A student organization will work to increase awareness of autism and advocate for further research about the disorder this spring.
Autism Research Club student leaders said they plan to start hosting speaker events with professors specializing in autism research and organizing fundraisers for organizations like Autism Self Advocacy Network during their first full semester as a registered student organization this spring. They said 15 students have signed up as members since Student Involvement and Leadership approved the student organization in November, and they hope the events will help destigmatize autism on campus.
Mohammed Almarkhan, a senior and the president and co-founder of ARC, said he was inspired to pursue neuroscience and further autism research because his sister has autism. He said he conducts research with Gregory Wallace, an associate professor of speech, language and hearing sciences, to investigate the risk of dementia in adults with autism.
“Autism research will not only benefit people with autism but also help assure their family and their loved ones,” he said.
Almarkhan said the process of creating the student organization was “daunting” because he was unsure whether the group would grow and become successful. He said he sought advice on how to structure the club from professors in the speech, language and hearing department, like Gregory Wallace, Francys Subiaul and Ashley Darcy-Mahoney, the director of infant research at the Autism & Neurodevelopmental Disorders Institute.
“They were very excited,” Almarkhan said. “They gave me recommendations, and they told me they were there to help.”
Almarkhan said he plans to invite the three professors to general body meetings where they can share their knowledge and discuss the common misconceptions about autism, like people falsely attributing autism to vaccinations.
“Autism is often presented as a disease or something to get rid of, but the autistic community usually discusses it as an identity and part of them,” he said. “They don’t want to ‘treat’ it but rather invest in accommodations and understanding their perspective.”
ARC Vice President Waleed Qaddumi, a senior majoring in neuroscience who co-founded the student organization, said he hopes conversations among members and information from professionals can answer unresolved questions about the disorder, like how to identify and diagnose autism in early childhood and how to find effective treatments.
“At ARC, we hope to be able to support research groups that can bring us one step closer to closing the gaps in scientific knowledge and do our part to help others through real-world applications,” he said.
Qaddumi said he is taking the speech, language and hearing department’s Autism course with Wallace, and he is trying to recruit classmates to join ARC. He said members have put up flyers in Kogan Plaza and Gelman Library earlier this semester to try to spread the word about the student organization.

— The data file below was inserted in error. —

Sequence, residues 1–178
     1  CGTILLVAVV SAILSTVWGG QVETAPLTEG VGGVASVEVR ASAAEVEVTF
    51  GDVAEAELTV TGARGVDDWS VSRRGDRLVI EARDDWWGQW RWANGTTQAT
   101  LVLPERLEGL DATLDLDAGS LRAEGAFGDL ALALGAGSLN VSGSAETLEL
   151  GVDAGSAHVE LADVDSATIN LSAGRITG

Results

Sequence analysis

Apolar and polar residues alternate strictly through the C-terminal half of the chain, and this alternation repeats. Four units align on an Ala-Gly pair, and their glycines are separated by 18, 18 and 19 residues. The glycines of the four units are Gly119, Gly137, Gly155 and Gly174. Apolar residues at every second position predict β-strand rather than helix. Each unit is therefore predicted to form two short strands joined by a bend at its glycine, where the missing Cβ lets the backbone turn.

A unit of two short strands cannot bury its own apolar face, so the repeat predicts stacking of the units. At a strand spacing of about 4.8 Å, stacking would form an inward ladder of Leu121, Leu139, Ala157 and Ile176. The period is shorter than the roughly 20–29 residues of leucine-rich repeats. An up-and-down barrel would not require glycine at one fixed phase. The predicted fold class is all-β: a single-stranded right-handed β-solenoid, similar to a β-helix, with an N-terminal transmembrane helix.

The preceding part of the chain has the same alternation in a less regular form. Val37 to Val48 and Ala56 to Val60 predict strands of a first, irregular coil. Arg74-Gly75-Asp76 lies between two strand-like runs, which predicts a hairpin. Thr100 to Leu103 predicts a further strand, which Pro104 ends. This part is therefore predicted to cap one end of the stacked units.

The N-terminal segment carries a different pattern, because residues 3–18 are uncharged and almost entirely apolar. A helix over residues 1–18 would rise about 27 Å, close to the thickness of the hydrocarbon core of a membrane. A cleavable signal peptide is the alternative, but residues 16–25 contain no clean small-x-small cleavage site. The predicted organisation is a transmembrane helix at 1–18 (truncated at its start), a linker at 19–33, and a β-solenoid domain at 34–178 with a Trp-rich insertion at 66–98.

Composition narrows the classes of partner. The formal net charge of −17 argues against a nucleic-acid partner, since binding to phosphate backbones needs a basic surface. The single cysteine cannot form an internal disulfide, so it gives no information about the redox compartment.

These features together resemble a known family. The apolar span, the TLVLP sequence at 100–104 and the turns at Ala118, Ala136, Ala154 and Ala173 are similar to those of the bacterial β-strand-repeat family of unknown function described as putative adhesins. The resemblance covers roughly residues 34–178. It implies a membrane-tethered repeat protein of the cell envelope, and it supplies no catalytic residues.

Qaddumi said ARC plans to host its first general body meeting later this month. He added that members are all “supportive” due to their respective personal connections to people with autism, and they are “motivated” to learn how to fundraise and contribute to the cause.
“At the Org Fair, there are a lot of people who say that they want to join this club because they have a family member or friend who has autism,” Qaddumi said. “They want to be able to help support these efforts. It’s very interesting and respectable.”
Farris Alqalam, a senior majoring in biomedical engineering and the secretary of ARC, said he has a family member who has autism who has made him more understanding of the experience of living with the condition. Alqalam said the student organization has been relying heavily on “word of mouth” to recruit new members and encourage participation.
“It’s a place where you can come and we have a good group of people,” he said. “So you can come and converse, share ideas, think about different situations that you could come up with.”
Alqalam said he is committed to combating the misconception that autism is a disease with a potential cure instead of a lifelong neurodevelopmental disorder. He said people tend to think of autism on the spectrum as either “severe” or “mild” but, it affects everyone differently and presents separate sets of behavioral challenges for each individual.
“Autism is a spectrum condition, meaning that each person is affected differently,” Alqalam said. “Each person may have a specific set of behavioral and developmental challenges that can impact that person’s communication or social or play skills differently.”
Dasha Ordynat, a senior majoring in neuroscience and a member of ARC, said she is eager to expand her knowledge of disorders like autism as she wraps up her pre-med track education as an undergraduate. She said she is looking forward to participating in research learning from the guest speakers that the student organization will host.
“Autism is no longer a rare disorder,” Ordynat said. “It affects a lot of people, and I think it’s really important to talk about it and understand it because there is this really bad stigma around it.”
Ordynat said she has observed stigmas surrounding autism in eastern Europe, where her family is from, which motivated her to get involved. She said she hopes her participation in the organization will help leave a “footprint on the community,” and normalize autism within society.
Ordynat said she is a part of a pre-med fraternity on campus that has not hosted any events focusing on autism, so ARC will take on an essential role on campus uniting a diverse group of people who have similar passions and interests.
“I think this org is the beginning of people at GW being able to talk about autism and be aware that it is around them,” Ordynat said.
This article appeared in the February 13, 2023 issue of the Hatchet.